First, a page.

[Dave Birch] Dealing with the government online is precisely the kind of activity that is subverted by bad identity management. Case in point:

 

Ambitious plans to switch the majority of provisional licences from postal to online could not be taken up by one of the largest group of customers – teenagers – because they couldn’t prove their identity. Only 40,000 out of the 1 million people seeking a provisional licence were able to complete an online application. The remaining 960,000 had to stick to postal applications. One of the main reasons, according to the NAO, was that online applicants had to have either a new digital passport or a credit record to prove their identity.

[From DVLA plan fails ID test | Special Reports | Guardian Unlimited Politics]

The government has portal for accessing public services — DirectGov — but it’s of limited usefulness, precisely because of this issue. And I’d lay a pound to a penny that the new ID card won’t make the slightest difference, since I’ve not heard a single minister or official say anything about using it in this way. Speaking of which, young people won’t have to worry about this problem for much longer because they’ll soon be able to get a splendid new identity card that will solve that problem for them. As the Home Secretary said recently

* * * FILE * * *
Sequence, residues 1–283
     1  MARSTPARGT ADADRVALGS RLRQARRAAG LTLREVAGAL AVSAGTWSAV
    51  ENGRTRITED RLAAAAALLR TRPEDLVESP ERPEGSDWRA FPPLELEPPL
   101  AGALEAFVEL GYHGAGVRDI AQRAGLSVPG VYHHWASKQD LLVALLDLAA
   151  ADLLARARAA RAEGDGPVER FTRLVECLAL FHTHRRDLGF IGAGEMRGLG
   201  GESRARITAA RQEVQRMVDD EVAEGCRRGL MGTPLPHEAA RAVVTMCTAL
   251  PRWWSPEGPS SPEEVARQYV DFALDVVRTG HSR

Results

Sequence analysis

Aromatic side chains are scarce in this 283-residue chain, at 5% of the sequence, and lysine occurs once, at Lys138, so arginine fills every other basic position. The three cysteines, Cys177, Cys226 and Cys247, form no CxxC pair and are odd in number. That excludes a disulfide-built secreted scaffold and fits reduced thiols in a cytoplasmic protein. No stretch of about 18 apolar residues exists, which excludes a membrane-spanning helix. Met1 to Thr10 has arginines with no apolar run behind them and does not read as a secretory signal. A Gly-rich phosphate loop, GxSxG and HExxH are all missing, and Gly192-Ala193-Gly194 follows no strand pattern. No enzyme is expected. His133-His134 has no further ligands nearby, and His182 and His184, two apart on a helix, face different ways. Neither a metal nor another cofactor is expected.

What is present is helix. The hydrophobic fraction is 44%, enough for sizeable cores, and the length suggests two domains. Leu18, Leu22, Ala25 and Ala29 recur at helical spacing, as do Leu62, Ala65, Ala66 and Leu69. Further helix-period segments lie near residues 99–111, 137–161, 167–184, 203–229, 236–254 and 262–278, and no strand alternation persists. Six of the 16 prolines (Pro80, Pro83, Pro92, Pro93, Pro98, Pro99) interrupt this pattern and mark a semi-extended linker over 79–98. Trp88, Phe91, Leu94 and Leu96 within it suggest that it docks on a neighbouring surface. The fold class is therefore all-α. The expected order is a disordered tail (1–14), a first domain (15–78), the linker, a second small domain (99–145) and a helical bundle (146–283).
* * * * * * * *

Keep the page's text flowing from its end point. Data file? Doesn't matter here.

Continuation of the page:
We will start to make identity cards available to young people on a purely voluntary basis in 2010. I believe there are clear attractions in the scheme. It will make it easier to enrol on a course, apply for a student loan, open a bank account, or prove your age – especially as we get tougher on sales of alcohol to those under-age.

[From BBC NEWS | Politics | In full: Smith ID card speech]

Anyone familiar with the U.K. will recognise the wisdom of making it more difficult for children to buy alcohol.

With public confidence in the new identity card so high, it’s surprising that some private sector organisations are yet to get behind the scheme and are even setting up alternatives:

 

The Age Watch system is due to be installed later this month at a store in the south-east of England, understood to be a Budgens. If successful, it could be rolled out across the UK. The technology has been developed to be used in convenience stores at the point of sale to capture images of customers that will be scanned against a database of known offenders.

[From Budgens trials facial recognition to fight underage sales – Talking Retail]

This seems a remarkable initiative to me. I don’t imagine there’s the slightest chance of it working (the most recent NIST face recognition vendor tests reported a False Accept Rate of 20% for matching uncontrolled images and controlled captures), yet the retailer rates it a more worthwhile investment than waiting till 2010 and then asking teenagers to present an ID card.

These opinions are my own (I think) and presented solely in my capacity as an interested member of the general public [posted with ecto]

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